I would venture that this is probably the wrong approach, and I’d echo earlier comments about trying to improve your job search. Of course if you’re ready for a change, that’s fine, but I would caution against going into it as a “job” with steady cashflow. Said another way, when you have had a decent career, why would you throw that away to be Subway manager or an active landlord / real estate renovator?

I mean you can if you want, but you should really want to do that new thing and be ready to move on from your old job. I don’t get that feel from your post, which is more looking for direction. I think if you’re asking about maybe doing it, you probably don’t know enough and aren’t serious enough about it to make it work out, certainly not enough to risk most your life savings. Often a better way to get into these types of things is to work for someone else who is already doing it for a while and learn the ropes with less risk to your capital.

If you asked me whether you wanted to make a new life day trading stocks for a living and here are some stories about people making a lot of money, I would caution against it. Sure some people do make a lot of money trading stocks (I do ok, at least more often than not), but it’s very hard, very competitive, and the vast majority of people who try fail and lose money in the process. The kind of person who has a good chance of succeeding is already trading stocks because they can’t not trade stocks. They don’t ask if they should trade them, they ask for help to get better. This is the attitude of someone I would teach -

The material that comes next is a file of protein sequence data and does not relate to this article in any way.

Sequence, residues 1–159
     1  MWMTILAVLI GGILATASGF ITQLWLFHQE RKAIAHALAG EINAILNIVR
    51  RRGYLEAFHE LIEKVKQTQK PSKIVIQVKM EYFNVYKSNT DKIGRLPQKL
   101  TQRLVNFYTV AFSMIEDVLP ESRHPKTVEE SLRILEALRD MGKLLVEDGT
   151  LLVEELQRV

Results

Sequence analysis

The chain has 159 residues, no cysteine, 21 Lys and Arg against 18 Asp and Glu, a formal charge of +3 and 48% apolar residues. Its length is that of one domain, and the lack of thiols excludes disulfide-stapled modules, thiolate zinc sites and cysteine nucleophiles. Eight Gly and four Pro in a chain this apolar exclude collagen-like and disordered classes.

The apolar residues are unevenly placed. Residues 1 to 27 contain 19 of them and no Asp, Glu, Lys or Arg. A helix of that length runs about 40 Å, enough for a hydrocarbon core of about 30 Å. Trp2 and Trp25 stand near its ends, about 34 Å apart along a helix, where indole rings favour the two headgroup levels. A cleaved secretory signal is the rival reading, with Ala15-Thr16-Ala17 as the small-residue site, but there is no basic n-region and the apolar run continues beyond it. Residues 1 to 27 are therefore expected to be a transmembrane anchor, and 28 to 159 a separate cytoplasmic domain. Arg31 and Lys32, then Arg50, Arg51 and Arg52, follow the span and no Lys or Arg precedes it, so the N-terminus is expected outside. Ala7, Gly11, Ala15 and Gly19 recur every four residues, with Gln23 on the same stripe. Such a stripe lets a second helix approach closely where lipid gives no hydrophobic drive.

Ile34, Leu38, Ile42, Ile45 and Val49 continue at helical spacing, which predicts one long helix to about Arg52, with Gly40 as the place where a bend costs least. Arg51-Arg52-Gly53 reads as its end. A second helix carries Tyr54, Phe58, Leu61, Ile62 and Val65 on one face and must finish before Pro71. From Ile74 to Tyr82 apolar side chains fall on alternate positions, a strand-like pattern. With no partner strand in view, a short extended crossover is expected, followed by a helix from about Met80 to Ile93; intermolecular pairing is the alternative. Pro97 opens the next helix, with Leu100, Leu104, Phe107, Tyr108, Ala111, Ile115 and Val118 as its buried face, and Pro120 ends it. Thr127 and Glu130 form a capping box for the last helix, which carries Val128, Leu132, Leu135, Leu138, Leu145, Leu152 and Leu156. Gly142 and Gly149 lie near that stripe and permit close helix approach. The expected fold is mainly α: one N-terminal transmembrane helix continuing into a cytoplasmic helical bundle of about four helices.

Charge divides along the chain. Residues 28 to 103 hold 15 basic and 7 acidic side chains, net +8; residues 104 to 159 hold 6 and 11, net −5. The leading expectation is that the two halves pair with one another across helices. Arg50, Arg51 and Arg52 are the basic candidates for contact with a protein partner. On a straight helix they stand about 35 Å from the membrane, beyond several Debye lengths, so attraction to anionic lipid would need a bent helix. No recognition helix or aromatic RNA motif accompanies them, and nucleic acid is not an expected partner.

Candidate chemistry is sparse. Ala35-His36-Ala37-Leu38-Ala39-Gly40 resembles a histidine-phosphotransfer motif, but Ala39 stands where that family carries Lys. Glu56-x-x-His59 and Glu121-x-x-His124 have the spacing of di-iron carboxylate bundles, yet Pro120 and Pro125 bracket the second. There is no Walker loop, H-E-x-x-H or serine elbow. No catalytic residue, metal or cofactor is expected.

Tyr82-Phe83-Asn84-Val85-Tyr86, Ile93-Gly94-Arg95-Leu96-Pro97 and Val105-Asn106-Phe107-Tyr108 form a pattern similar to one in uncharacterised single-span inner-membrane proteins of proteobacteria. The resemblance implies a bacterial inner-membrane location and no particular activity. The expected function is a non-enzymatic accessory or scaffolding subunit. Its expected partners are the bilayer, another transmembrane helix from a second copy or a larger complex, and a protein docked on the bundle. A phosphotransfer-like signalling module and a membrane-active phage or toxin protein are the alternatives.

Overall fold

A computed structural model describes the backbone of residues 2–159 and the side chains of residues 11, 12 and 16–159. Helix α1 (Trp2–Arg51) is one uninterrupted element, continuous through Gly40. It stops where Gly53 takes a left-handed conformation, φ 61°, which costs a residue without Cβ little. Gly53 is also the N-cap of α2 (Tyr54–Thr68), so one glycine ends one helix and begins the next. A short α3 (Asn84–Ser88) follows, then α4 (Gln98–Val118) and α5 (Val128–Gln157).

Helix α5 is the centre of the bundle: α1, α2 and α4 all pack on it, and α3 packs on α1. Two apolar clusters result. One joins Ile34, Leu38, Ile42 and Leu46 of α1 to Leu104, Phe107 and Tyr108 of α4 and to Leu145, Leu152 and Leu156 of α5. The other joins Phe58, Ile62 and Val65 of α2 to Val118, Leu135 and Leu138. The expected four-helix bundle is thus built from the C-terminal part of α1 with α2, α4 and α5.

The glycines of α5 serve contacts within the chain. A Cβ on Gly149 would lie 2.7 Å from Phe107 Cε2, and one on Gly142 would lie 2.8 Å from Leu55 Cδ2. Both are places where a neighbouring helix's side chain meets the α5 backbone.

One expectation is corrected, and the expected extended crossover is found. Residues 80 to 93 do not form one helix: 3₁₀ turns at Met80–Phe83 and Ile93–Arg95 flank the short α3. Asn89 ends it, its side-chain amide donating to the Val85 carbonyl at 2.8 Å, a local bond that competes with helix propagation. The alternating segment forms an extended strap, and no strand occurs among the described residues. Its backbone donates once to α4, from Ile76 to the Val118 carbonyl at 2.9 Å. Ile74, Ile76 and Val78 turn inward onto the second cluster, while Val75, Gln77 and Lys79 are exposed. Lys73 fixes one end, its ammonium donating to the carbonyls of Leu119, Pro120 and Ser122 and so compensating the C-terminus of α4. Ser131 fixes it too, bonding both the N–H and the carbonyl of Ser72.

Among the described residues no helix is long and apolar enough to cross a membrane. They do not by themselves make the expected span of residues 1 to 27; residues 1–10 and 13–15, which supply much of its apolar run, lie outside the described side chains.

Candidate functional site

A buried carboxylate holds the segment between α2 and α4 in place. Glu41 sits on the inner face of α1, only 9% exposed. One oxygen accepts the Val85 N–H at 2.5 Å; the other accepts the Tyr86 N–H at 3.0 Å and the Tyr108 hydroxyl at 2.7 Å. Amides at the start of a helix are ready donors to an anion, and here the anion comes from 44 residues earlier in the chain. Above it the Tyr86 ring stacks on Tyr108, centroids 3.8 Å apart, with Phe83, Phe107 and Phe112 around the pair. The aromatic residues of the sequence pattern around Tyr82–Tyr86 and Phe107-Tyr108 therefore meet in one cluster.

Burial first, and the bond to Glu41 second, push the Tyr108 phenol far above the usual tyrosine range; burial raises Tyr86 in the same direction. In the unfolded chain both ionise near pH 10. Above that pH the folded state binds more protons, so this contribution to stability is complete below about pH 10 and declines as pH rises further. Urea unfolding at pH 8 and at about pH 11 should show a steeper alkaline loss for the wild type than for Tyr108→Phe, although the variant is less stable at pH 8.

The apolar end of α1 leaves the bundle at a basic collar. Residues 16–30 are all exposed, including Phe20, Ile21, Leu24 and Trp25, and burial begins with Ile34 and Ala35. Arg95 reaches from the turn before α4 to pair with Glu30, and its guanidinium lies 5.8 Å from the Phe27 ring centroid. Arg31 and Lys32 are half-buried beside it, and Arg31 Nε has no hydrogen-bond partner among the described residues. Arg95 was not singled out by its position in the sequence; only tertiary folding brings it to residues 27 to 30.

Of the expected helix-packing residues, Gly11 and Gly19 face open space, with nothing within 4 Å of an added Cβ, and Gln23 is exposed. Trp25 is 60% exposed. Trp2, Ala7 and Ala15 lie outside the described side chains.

We do not do this thing because it is permitted. We do it because we have to. We do it because we are compelled. [Watchmen]

Are you still abroad?

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I think taking some time off to reassess things might be a good idea for starters.

If you do want to pursue the career you’ve been job hunting for then maybe just doulbe down on those efforts and seek help with the job hunt.

It seems kinda more like you are looking at starting a business as a replacement for a job.

How old are you? Where do you live?